This story sponsored by France 44.
If you’ve ever had a mind-blowing cheese fondue, you’re probably familiar with Swiss Gruyère and other related Alpine-style cheeses — and if you haven’t, you’ve got some gastronomic catching up to do.
Cheesemonger Song Lee of France 44 is a big fan of these cheeses, which boast flavors that are both unmistakable and pleasingly subtle.
“Nuttiness to me is the first taste that comes to mind,” says Lee. “There’s definitely a grassy finish afterward. They should be nutty and buttery with grassiness at the end. If you want to make the most amazing fondue, you can’t go wrong. You could cut it with some young Emmentaler, and it would be amazing.”
One of her Alpine-style favorites, Pleasant Ridge Reserve, hails from a place a bit closer than Switzerland — this award-spangled cheese is made in Wisconsin.
“The first time I tasted it was one of those ‘ah-ha’ moments,” Lee says. “This cheese is so different from most domestic cheeses. It doesn’t hurt that I met the couple who make the cheese — they’re the salt of the earth, and so passionate, as a lot of cheesemakers are. It’s one of the few cheeses that’s exported to Europe. It’s kind of cool that we have this European cheese that’s going back to Europe.”
Gruyère is of Swiss origin; Pleasant Ridge Reserve is from Wisconsin; a very similarly styled French cheese is Comté.
“Comté is an old, traditional cheese,” says Lee. “Each wheel is 60 or 70 pounds. It’s kind of a cheese monster — if you’re not used to seeing a whole wheel of cheese, it’s daunting.”
France 44 works with these hand-picked wheels from Essex St. Cheese Company on a regular basis. Because of the hand-crafted nature of the cheese, the flavor profile and color varies from wheel to wheel.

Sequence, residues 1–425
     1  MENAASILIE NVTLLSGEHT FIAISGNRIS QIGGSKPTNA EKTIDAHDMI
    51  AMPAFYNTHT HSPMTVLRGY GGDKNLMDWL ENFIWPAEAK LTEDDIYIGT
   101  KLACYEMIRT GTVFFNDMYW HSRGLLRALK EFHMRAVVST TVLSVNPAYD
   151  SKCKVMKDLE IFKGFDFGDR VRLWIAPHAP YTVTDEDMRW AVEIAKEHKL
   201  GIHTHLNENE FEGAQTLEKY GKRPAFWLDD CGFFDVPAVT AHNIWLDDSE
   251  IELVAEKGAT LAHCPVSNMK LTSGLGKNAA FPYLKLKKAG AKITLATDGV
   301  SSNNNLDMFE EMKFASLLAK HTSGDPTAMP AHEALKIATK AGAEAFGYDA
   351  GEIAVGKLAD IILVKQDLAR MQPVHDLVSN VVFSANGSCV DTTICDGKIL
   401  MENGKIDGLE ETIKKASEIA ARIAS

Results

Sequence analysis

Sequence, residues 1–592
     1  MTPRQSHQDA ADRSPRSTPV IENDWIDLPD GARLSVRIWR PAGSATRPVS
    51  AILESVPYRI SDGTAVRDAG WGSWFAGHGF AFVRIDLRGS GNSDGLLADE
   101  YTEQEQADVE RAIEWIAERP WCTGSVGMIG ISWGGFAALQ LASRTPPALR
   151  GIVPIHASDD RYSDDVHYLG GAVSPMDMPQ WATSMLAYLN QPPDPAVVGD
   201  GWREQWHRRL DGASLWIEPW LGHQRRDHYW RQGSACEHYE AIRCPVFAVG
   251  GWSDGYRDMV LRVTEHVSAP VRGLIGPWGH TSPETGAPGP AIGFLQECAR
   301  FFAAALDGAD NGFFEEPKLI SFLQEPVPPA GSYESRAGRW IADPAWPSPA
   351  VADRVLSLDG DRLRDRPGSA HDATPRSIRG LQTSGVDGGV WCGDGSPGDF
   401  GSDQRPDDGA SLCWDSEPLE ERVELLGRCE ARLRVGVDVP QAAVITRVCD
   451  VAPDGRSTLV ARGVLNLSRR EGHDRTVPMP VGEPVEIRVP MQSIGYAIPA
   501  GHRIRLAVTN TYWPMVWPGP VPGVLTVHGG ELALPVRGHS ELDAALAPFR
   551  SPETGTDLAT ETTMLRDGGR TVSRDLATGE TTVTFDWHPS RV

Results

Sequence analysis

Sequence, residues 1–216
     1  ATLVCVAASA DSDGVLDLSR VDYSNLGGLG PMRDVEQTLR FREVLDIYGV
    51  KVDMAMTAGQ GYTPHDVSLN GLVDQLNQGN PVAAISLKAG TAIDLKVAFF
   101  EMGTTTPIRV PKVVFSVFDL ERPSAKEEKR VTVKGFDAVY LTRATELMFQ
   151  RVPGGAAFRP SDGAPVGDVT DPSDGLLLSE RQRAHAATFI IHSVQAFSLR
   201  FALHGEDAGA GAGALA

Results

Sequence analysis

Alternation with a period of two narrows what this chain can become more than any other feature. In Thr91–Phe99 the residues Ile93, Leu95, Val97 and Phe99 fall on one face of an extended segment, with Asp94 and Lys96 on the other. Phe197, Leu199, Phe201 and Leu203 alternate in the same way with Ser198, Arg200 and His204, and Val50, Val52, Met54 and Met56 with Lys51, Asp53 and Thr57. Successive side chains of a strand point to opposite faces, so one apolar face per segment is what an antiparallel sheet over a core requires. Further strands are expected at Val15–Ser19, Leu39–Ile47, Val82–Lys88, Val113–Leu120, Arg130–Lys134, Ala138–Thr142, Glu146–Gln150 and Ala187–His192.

“When I first opened that wheel of Comté, I noticed that the color was lighter than the one we opened before — it was winter milk,” says Lee. “This is seasonal food, and you can actually taste how the flavors vary from season to season, and that’s really exciting to me.”
The slight seasonal variances are part of what make hand-crafted cheese such a treasured food.
“You want something that varies from wheel to wheel — cheesemakers go to great lengths for a particular flavor profile and duplicate it, but you can’t really mess with the core ingredient, which is the milk,” says Lee. “If the cow ate wildflowers or sileage — you can tell the difference.”
Comté’s flavor makes it a natural player in an elegant lunch.
“One of the more popular sandwiches we have here is the ham, Comté, and butter sandwich on a baguette,” says Lee. “That’s four ingredients, that’s all it is. We use ham from Hidden Stream Farm which is local ham, and a nice schmear of butter, and a nice planing of the Comté and it’s delicious.”
The surprising thing about the sandwich is how light and mellow it tastes — like much of the world’s best country-style foods, it’s both simple and profound, qualities it shares with its other Alpine-style cheeses Lee samples at her shop.
“I love to do side-by-side tastings for customers — you really can taste the difference between different cheeses,” says Lee.
Side by side, the three Alpine-style cheeses we tried had common traits but varied noticeably — Pleasant Ridge Reserve was buttery with an almost fruity bit of brightness and a grassy finish. The Comté had Swiss-like bite, and a very grassy finish at the end. The Gruyère we sampled had a drier, crunchier texture and a parmesan-like umami — the product that France 44 carries is cave-aged for an extra three months, giving it more depth and complexity.
Despite their quality, Lee doesn’t want her cheeses put on a pedestal.
“These cheeses are basically peasant food,” says Lee. “They’re made by farmers for themselves. They’re not fancy foods. I want to emphasize that. People say I work in a gourmet food store, but I don’t like the word “gourmet.” I want people to think about what they’re eating — and the stuff we sell here is everyday food.”